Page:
Teens' Online Safety Improved by Education, Research Shows

Nov 21, 2008

Think protecting young teenagers on the Internet is important? Then be sure they think it's important, too, according to a forthcoming article in IEEE Transactions on Professional Communication.

Researchers from the University at Buffalo and University of Maryland surveyed 285 preteens and early teenagers, both male and female, to determine how important they felt it was to protect their privacy online and if those beliefs affected what actions they took to protect that privacy.

Students were asked whether they protected their personal information on the Internet, whether they opened e-mails from unknown senders and whether they downloaded files from unknown people or Web sites.

The researchers found that preteens and early teenagers who were educated on the importance of Internet privacy through school, parents or the media were more likely to practice online safety than those who weren't.

Furthermore, among teachers, peers and parents, the researchers found that parents were the most influential.

A surprising result of the study was that experiencing a privacy breach online did not cause teens to improve their online safety practices, according to one of the researchers, H. R. Rao, professor of management science and systems in the UB School of Management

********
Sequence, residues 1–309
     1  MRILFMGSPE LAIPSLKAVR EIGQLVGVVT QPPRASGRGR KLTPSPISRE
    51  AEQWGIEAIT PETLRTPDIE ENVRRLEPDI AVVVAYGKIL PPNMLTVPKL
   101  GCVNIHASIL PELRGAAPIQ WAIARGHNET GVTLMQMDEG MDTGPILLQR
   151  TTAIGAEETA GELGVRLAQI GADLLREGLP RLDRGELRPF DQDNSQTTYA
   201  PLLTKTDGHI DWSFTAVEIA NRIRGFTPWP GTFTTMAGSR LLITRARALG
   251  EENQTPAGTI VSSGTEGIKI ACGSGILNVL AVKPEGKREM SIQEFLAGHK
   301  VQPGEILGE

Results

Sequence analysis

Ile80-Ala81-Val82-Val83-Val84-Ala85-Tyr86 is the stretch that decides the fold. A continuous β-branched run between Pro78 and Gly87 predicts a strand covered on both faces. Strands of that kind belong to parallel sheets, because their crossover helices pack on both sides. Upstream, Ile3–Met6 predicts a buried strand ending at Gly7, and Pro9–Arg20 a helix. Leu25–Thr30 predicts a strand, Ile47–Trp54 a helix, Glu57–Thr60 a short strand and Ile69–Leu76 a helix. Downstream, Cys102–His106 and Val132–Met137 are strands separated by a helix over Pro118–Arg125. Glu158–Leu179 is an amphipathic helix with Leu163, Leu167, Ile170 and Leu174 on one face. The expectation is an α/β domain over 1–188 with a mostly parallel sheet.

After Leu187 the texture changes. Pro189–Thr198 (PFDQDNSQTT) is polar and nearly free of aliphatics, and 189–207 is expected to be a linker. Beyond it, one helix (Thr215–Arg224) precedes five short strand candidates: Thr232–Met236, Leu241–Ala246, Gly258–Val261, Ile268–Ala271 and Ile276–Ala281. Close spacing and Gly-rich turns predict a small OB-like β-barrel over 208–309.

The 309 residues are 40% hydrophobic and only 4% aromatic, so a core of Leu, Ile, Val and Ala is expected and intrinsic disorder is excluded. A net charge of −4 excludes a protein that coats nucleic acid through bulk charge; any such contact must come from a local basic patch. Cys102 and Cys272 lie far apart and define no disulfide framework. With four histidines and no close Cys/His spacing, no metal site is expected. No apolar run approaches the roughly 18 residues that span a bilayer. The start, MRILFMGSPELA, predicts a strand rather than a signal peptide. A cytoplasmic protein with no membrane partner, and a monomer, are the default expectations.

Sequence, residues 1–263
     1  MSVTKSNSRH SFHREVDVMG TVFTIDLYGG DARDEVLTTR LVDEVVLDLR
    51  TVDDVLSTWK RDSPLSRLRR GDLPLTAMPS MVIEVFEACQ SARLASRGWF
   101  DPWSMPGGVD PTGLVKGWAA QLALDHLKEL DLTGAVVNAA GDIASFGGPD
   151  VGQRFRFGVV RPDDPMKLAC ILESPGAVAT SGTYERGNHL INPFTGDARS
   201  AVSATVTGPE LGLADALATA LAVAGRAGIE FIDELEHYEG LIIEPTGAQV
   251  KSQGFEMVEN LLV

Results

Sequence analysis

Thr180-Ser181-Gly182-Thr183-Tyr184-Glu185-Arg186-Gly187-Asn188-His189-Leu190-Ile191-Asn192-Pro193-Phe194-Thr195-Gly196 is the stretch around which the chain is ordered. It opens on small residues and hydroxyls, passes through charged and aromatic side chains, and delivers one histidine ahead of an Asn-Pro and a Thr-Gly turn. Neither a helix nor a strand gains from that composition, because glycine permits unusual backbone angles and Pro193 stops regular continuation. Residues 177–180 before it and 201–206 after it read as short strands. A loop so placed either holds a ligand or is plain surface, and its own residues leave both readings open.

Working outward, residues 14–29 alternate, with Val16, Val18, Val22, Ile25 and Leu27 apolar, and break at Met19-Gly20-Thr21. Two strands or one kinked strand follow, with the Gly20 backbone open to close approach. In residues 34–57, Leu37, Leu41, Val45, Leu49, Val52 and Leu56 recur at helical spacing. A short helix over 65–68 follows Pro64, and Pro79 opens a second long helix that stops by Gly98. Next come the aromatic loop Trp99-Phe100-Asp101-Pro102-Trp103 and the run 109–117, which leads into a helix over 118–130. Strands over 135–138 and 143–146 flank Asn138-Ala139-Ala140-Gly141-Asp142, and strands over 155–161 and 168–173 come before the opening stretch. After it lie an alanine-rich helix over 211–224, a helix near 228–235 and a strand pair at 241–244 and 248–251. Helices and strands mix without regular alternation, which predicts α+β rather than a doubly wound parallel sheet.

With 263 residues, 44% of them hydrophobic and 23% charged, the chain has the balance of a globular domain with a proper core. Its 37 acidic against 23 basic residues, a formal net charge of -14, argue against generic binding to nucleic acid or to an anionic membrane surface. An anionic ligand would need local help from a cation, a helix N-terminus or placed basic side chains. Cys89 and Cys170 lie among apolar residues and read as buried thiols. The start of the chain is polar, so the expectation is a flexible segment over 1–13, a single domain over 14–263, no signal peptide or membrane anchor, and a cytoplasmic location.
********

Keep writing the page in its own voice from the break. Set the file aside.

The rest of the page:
"Students who experience Internet privacy breaches or computer security problems show less protective behavior on the Internet," says Rao. "This increases the chances that they will be victims again in the future."

The study also showed that girls tend to practice more protective behavior on the Web than boys. The researchers believe this is because girls consider online privacy more important than boys do.

Provided by University at Buffalo

Explore further: Ig Nobel winner: Using pork to stop nosebleeds

add to favorites email to friend print save as pdf

Related Stories

A Closer Look: Your (online) life after death

Sep 16, 2014

Sure, you have a lot to do today—laundry, bills, dinner—but it's never too early to start planning for your digital afterlife, the fate of your numerous online accounts once you shed this mortal coil.

US threatened Yahoo with huge fine over surveillance

Sep 11, 2014

US authorities threatened to fine Yahoo $250,000 a day if it failed to comply with a secret surveillance program requiring it to hand over user data in the name of national security, court documents showed ...

Recommended for you

Ig Nobel winner: Using pork to stop nosebleeds

8 hours ago

There's some truth to the effectiveness of folk remedies and old wives' tales when it comes to serious medical issues, according to findings by a team from Detroit Medical Center.

History books spark latest Texas classroom battle

Sep 16, 2014

As Texas mulls new history textbooks for its 5-plus million public school students, some academics are decrying lessons they say exaggerate the influence of Christian values on America's Founding Fathers.

Flatow, 'Science Friday' settle claims over grant

Sep 16, 2014

Federal prosecutors say radio host Ira Flatow and his "Science Friday" show that airs on many National Public Radio stations have settled civil claims that they misused money from a nearly $1 million federal ...

User comments : 0